Has the demise of Legal Aid put justice out of reach for ordinary people?
Medical negligence (or clinical negligence as it's known) can be utterly devastating, not just for the victim, but for the family too. At a time when you should be able to put your trust in the doctors and medical experts taking care of your loved ones, you're facing the consequences of a life-changing event that should never have happened in the first place.
An additional issue is that since the changes to the Legal Aid system back in 2012, if you do want to engage a solicitor to bring a claim for medical negligence then you're going to have to pay for it (at least in England, Northern Ireland and Wales). And that has put general claims out of reach for many people.
Holding the medical profession to account costs money. Medical negligence cases are, by their very nature, incredibly complex. To be able to bring a case a patient (or their family) has to prove that not only did the actions of the medical professional result in harm or injury to the patient, but they acted in a way that is below the expected standard for a professional in their position. To qualify for any kind of medical or clinical negligence claim, both parts of that equation have to be proven.
The Legal Aid and Sentencing and Punishment of Offenders Act 2012 removed the ability for many people to request Legal Aid for medical negligence claims. There are a few exceptions to this rule, but they're very specific and primarily designed to help the families of children who have been injured during childbirth or pregnancy. Claims for neurological injury to children are still eligible for Legal Aid, but must meet one of the following criteria:
¥ The negligence results in severe disability that will require extensive and lifelong care
¥ The negligence occurred during pregnancy
¥ The negligence occurred within 8 weeks of birth.
As harsh as it may seem, there is no provision for Legal Aid for any other type of medical negligence claim.
No win, no fee
However, some solicitors are willing to undertake these complex and lengthy cases on a no win no fee' basis. This means that the claimant will only pay legal costs if they win the case. This seems like a lifesaver for victims of medical negligence cases, but again the number of solicitors willing to do this is small, and for long, drawn-out cases where the fees outweigh the final award, there could be no actual monetary value in pursuing a case in the first place.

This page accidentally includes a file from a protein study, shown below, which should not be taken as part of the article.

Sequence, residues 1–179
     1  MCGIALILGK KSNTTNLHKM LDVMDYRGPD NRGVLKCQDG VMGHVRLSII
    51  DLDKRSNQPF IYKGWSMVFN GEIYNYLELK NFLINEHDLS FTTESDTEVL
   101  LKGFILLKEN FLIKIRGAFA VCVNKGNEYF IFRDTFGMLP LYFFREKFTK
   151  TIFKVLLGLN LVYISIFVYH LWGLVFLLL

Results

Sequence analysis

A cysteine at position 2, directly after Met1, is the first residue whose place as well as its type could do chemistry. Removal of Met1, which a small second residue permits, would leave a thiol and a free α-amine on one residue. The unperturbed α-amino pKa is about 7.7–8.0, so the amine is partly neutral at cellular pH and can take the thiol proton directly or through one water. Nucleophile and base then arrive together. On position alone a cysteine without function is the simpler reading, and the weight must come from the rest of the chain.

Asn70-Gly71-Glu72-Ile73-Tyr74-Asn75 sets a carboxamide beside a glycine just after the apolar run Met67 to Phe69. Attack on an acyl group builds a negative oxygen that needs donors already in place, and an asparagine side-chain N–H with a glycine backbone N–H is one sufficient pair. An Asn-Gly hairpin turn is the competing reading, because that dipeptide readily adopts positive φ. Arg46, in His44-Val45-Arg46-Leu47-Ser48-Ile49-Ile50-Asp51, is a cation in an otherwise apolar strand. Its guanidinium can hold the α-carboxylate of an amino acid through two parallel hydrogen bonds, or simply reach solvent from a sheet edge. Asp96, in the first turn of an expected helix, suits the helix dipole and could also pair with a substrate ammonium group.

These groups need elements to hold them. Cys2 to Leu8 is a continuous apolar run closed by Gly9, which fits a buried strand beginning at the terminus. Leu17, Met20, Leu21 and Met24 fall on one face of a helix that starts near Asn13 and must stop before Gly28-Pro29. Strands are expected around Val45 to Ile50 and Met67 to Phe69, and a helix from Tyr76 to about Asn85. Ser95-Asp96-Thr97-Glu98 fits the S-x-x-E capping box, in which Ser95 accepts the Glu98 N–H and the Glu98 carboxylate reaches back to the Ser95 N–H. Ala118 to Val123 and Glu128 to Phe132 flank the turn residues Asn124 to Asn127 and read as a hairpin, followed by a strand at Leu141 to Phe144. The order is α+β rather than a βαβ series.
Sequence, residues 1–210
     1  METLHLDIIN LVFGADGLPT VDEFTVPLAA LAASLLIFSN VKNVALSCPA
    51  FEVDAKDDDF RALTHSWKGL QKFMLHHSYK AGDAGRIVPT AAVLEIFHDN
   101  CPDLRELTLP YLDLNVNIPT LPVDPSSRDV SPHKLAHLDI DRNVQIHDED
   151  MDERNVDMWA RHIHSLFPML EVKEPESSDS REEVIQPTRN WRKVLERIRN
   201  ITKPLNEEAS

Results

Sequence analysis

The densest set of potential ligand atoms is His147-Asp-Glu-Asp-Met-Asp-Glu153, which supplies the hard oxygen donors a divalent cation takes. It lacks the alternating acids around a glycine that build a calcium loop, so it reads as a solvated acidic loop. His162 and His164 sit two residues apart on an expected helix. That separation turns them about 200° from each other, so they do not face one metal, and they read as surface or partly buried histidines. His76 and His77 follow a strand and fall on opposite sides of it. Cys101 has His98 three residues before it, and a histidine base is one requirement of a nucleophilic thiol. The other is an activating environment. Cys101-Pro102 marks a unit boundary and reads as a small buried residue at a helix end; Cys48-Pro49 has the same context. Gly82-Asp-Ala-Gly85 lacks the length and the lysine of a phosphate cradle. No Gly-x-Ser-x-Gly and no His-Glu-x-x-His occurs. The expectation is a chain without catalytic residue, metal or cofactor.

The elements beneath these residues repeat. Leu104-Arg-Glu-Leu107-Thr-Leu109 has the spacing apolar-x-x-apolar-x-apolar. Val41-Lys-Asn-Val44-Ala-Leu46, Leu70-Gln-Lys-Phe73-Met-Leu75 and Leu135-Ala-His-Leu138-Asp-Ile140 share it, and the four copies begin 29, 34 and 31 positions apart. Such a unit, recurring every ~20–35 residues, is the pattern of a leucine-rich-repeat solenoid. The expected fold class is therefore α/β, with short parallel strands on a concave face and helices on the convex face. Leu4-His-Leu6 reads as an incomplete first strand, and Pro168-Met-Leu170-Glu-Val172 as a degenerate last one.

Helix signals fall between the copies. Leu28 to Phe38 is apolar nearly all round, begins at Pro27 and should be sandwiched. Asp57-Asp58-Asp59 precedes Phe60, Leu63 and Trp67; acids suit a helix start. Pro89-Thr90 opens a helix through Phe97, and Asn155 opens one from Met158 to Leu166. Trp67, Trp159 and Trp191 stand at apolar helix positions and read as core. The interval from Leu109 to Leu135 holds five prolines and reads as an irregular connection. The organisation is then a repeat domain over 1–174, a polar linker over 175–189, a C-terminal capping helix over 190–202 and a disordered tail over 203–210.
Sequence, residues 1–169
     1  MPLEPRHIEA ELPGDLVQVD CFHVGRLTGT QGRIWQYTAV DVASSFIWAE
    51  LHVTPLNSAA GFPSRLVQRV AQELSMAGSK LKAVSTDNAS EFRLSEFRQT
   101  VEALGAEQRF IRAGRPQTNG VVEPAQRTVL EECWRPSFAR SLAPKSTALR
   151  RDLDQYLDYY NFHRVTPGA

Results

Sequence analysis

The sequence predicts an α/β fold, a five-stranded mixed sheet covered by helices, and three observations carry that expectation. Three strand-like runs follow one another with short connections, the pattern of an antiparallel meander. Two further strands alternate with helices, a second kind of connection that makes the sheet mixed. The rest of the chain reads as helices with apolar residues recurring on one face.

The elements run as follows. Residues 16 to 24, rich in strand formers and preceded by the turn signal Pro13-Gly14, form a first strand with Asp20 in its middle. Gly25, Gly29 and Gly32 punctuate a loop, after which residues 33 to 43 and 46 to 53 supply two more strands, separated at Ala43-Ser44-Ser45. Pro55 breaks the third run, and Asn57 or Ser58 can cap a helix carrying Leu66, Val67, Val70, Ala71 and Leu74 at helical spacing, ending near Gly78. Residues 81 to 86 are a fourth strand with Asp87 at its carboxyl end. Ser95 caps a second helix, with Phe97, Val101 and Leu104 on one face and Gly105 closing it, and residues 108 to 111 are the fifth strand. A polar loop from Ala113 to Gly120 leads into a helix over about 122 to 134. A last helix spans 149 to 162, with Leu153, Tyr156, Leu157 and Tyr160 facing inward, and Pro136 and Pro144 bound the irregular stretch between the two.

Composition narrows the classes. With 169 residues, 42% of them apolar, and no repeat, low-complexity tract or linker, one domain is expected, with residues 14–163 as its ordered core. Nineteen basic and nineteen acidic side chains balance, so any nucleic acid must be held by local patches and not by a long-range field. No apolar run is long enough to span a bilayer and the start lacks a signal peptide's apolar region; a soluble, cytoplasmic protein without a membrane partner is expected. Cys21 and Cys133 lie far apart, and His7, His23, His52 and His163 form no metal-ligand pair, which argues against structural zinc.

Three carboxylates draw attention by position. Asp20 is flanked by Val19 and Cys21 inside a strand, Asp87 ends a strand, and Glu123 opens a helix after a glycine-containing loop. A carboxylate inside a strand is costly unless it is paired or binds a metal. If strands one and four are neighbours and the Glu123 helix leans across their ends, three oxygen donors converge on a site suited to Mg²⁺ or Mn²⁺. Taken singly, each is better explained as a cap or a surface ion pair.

It's also worth noting that unlike the previous system, which required solicitors taking on medical negligence cases to have experience in dealing with such claims, now there is no mandatory requirement for your legal representative to have any type of experience in medical negligence work beyond the usual qualifications to practice law. So, if a claimant needs someone to take on a clinical negligence case they're going to need to shop around' to find the best, most qualified and most experienced legal representation that's willing to take on the case on a no-win-no-fee basis.
So that's it, then?
Not quite. There are other options available, such as alternative dispute resolution, where a constructive solution can be reached without having to go to court. If there's a clear case of negligence, then it's likely that the health authority representing the medical professional will want to come to an amicable agreement with the patient and their family without the need for further legal action.
There are ways that those who have suffered injury or life-changing disability due to medical negligence can still access the legal system, so while the removal of Legal Aid for all but the most serious cases has had an impact, there are still routes to justice and financial compensation for those who need it.